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Archive of posts published in the tag: 宁波泛太平洋spa经理

African Parks backs marine reserve brimming with wildlife in Mozambique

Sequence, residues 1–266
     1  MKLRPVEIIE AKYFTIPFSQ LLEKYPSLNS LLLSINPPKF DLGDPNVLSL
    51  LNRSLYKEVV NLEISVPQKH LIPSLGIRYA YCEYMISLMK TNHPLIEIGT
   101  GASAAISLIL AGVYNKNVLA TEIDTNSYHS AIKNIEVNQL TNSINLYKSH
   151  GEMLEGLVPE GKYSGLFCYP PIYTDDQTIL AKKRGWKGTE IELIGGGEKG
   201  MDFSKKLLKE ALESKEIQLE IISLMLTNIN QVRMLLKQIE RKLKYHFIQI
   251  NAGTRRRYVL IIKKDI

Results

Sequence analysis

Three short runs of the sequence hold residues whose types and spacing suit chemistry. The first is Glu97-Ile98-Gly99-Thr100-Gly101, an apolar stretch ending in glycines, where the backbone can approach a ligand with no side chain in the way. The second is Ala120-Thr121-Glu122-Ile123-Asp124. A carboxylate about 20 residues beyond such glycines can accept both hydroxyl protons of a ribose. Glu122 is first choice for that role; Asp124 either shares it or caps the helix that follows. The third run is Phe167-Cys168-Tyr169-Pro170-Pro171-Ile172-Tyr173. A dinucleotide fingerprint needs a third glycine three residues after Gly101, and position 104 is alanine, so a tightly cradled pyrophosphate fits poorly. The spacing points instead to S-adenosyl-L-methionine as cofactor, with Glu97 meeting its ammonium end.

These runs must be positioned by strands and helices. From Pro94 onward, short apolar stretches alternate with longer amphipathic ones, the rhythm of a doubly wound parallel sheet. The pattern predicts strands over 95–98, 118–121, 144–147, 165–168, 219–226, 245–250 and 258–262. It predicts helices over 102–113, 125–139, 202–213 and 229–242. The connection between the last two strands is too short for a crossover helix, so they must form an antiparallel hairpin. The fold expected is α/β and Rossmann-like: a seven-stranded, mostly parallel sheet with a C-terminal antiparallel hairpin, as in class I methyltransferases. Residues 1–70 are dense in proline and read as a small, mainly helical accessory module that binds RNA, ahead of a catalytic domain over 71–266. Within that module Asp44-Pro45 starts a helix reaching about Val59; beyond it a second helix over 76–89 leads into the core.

first_img Popular in the CommunitySponsoredSponsoredOrangutan found tortured and decapitated prompts Indonesia probeEMGIES17 Jan, 2018We will never know the full extent of what this poor Orangutan went through before he died, the same must be done to this evil perpetrator(s) they don’t deserve the air that they breathe this has truly upset me and I wonder for the future for these wonderful creatures. So called ‘Mankind’ has a lot to answer for we are the only ones ruining this world I prefer animals to humans any day of the week.What makes community ecotourism succeed? In Madagascar, location, location, locationScissors1dOther countries should also learn and try to incorporateWhy you should care about the current wave of mass extinctions (commentary)Processor1 DecAfter all, there is no infinite anything in the whole galaxy!Infinite stupidity, right here on earth.The wildlife trade threatens people and animals alike (commentary)Anchor3dUnfortunately I feel The Chinese have no compassion for any living animal. They are a cruel country that as we knowneatbeverything that moves and do not humanily kill these poor animals and insects. They have no health and safety on their markets and they then contract these diseases. Maybe its karma maybe they should look at the way they live and stop using animals for all there so called remedies. DisgustingConservationists welcome China’s wildlife trade banThobolo27 JanChina has consistently been the worlds worst, “ Face of Evil “ in regards our planets flora and fauna survival. In some ways, this is nature trying to fight back. This ban is great, but the rest of the world just cannot allow it to be temporary, because history has demonstrated that once this coronavirus passes, they will in all likelihood, simply revert to been the planets worst Ecco Terrorists. Let’s simply not allow this to happen! How and why they have been able to degrade this planets iconic species, rape the planets rivers, oceans and forests, with apparent impunity, is just mind boggling! Please no more.Probing rural poachers in Africa: Why do they poach?Carrot3dOne day I feel like animals will be more scarce, and I agree with one of my friends, they said that poaching will take over the world, but I also hope notUpset about Amazon fires last year? Focus on deforestation this year (commentary)Bullhorn4dLies and more leisSponsoredSponsoredCoke is again the biggest culprit behind plastic waste in the PhilippinesGrapes7 NovOnce again the article blames companies for the actions of individuals. It is individuals that buy these products, it is individuals that dispose of them improperly. If we want to change it, we have to change, not just create bad guys to blame.Brazilian response to Bolsonaro policies and Amazon fires growsCar4 SepThank you for this excellent report. I feel overwhelmed by the ecocidal intent of the Bolsonaro government in the name of ‘developing’ their ‘God-given’ resources.U.S. allocates first of $30M in grants for forest conservation in SumatraPlanet4dcarrot hella thick ;)Melting Arctic sea ice may be altering winds, weather at equator: studyleftylarry30 JanThe Arctic sea ice seems to be recovering this winter as per the last 10-12 years, good news.Malaysia has the world’s highest deforestation rate, reveals Google forest mapBone27 Sep, 2018Who you’re trying to fool with selective data revelation?You can’t hide the truth if you show historical deforestation for all countries, especially in Europe from 1800s to this day. WorldBank has a good wholesome data on this.Mass tree planting along India’s Cauvery River has scientists worriedSurendra Nekkanti23 JanHi Mongabay. Good effort trying to be objective in this article. I would like to give a constructive feedback which could help in clearing things up.1. It is mentioned that planting trees in village common lands will have negative affects socially and ecologically. There is no need to even have to agree or disagree with it, because, you also mentioned the fact that Cauvery Calling aims to plant trees only in the private lands of the farmers. So, plantation in the common lands doesn’t come into the picture.2.I don’t see that the ecologists are totally against this project, but just they they have some concerns, mainly in terms of what species of trees will be planted. And because there was no direct communication between the ecologists and Isha Foundation, it was not possible for them to address the concerns. As you seem to have spoken with an Isha spokesperson, if you could connect the concerned parties, it would be great, because I see that the ecologists are genuinely interested in making sure things are done the right way.May we all come together and make things happen.Rare Amazon bush dogs caught on camera in BoliviaCarrot1 Feba very good iniciative to be fallowed by the ranchers all overSponsored Article published by John Cannon Animals, Biodiversity, Birds, Community Development, Community-based Conservation, Conservation, Coral Reefs, Defaunation, Ecotourism, Endangered Species, Environment, Fish, Fishing, Illegal Fishing, Mammals, Marine Animals, Marine Biodiversity, Marine Birds, Marine Conservation, Marine Ecosystems, Marine Mammals, Marine Protected Areas, National Parks, Oceans, Overfishing, Parks, Protected Areas, Reptiles, Tourism, Whales, Wildlife, Wildlife Conservation center_img The conservation NGO African Parks signed an agreement to manage Bazaruto Archipelago National Park in Mozambique.Leaders established the park in 1971, but recent illegal fishing and unregulated tourism has threatened the ecosystem and its economic value, African Parks said.The park is home to 2,000 species of fish and hundreds of species of birds, reptiles and mammals, including some of the last dugongs in the western Indian Ocean. A sliver of ocean on the Southern Africa coast is getting a new chance at success thanks to an agreement announced Dec. 6.The National Administration of Conservation Areas of Mozambique has enlisted the help of the conservation NGO African Parks, which manages more than a dozen protected areas in eight other countries on the continent, to run Bazaruto Archipelago National Park for the next 25 years. The organizations hope the move will jumpstart tourism in the park and help safeguard its resident wildlife, including hundreds of species of birds, reptiles, mammals and fish.“Bazaruto has the tremendous opportunity to show how a national park can create a conservation-led economy, where the protection and management of wildlife and their habitats not only ecologically restores the park, but can create economic benefits for local communities,” said Peter Fearnhead, the CEO of South Africa-based African Parks, in a statement.Reef manta rays (Manta alfredi), pictured here in the Maldives, are found along Mozambique’s southern coast. Photo by Shiyam ElkCloner (Own work) [CC BY-SA 3.0], via Wikimedia Commons.The government set aside the 1,430-square-kilometer (552-square-mile) reserve in 1971. In an email to African Parks supporters, Fearnhead described Bazaruto as “a critical sanctuary for numerous species of marine megafauna including dolphins, sharks, whales, whale sharks, manta rays and turtles.”Around 2,000 fish species call the park home, along with some of the last remaining dugongs (Dugong dugon) in the western Indian Ocean, according to African Parks. The dugong, or sea cow, is an IUCN-listed Vulnerable marine mammal.Despite the presence of unique wildlife, recent threats have jeopardized its potential as a destination for tourists and a lynchpin of the local economy, Fearnhead said in his email. Illegal fishing outfits have moved in, and authorities haven’t been able to control the extraction of natural resources or the spike in “uncontrolled tourism activities.”Bazaruto Archipelago National Park is home to several species of marine mammal, including dugongs (Dugong dugon). Photo by Christian Schlamann, courtesy of African Parks.Fearnhead pointed out that these issues could cause problems for the park’s ecosystem, and he said that revenues from the park have already taken a hit — a problem for local communities already struggling with poverty.Nearly 6,000 people live on three of the five islands found in the park, and they depend on resources from the sea to survive, African Parks said.The NGO’s plan includes training local residents to work in tourism and hospitality, as well as helping them with launch businesses to generate income. It will also add airborne surveillance to complement boat and foot patrols by rangers in the park with the goal of warding off further illegal activity. And the team plans to monitor the conservation statuses of key species found in the park.Whale sharks (Rhincodon typus) are a major draw for tourists around the world. Photo By Abe Khao Lak (Own work) [CC BY-SA 4.0], via Wikimedia Commons.“Bazaruto is an extraordinary conservation area whose time has come to be sufficiently protected and revitalized,” said Celmira Frederico Pena da Silva, the vice minister of the Ministry of Land, Environment and Rural Development in Mozambique, in the African Parks statement.She welcomed the partnership and said that with its help it could both protect the park’s natural resources and ensure that local communities benefit.Pena da Silva added, “Together, we can finally elevate Bazaruto to its rightful position as one of Africa’s greatest marine sanctuaries.”The park, shown here using Global Forest Watch, is located off the coast of Mozambique in southern Africa and covers 1,430 square kilometers.CITATIONIUCN and UNEP-WCMC (2017), The World Database on Protected Areas (WDPA) [On-line], September, Cambridge, UK: UNEP-WCMC. Available at: www.protectedplanet.net. Accessed through Global Forest Watch in December 2017. www.globalforestwatch.orgBanner image of a dugong by Christian Schlamann, courtesy of African Parks.FEEDBACK: Use this form to send a message to the author of this post. If you want to post a public comment, you can do that at the bottom of the page.last_img read more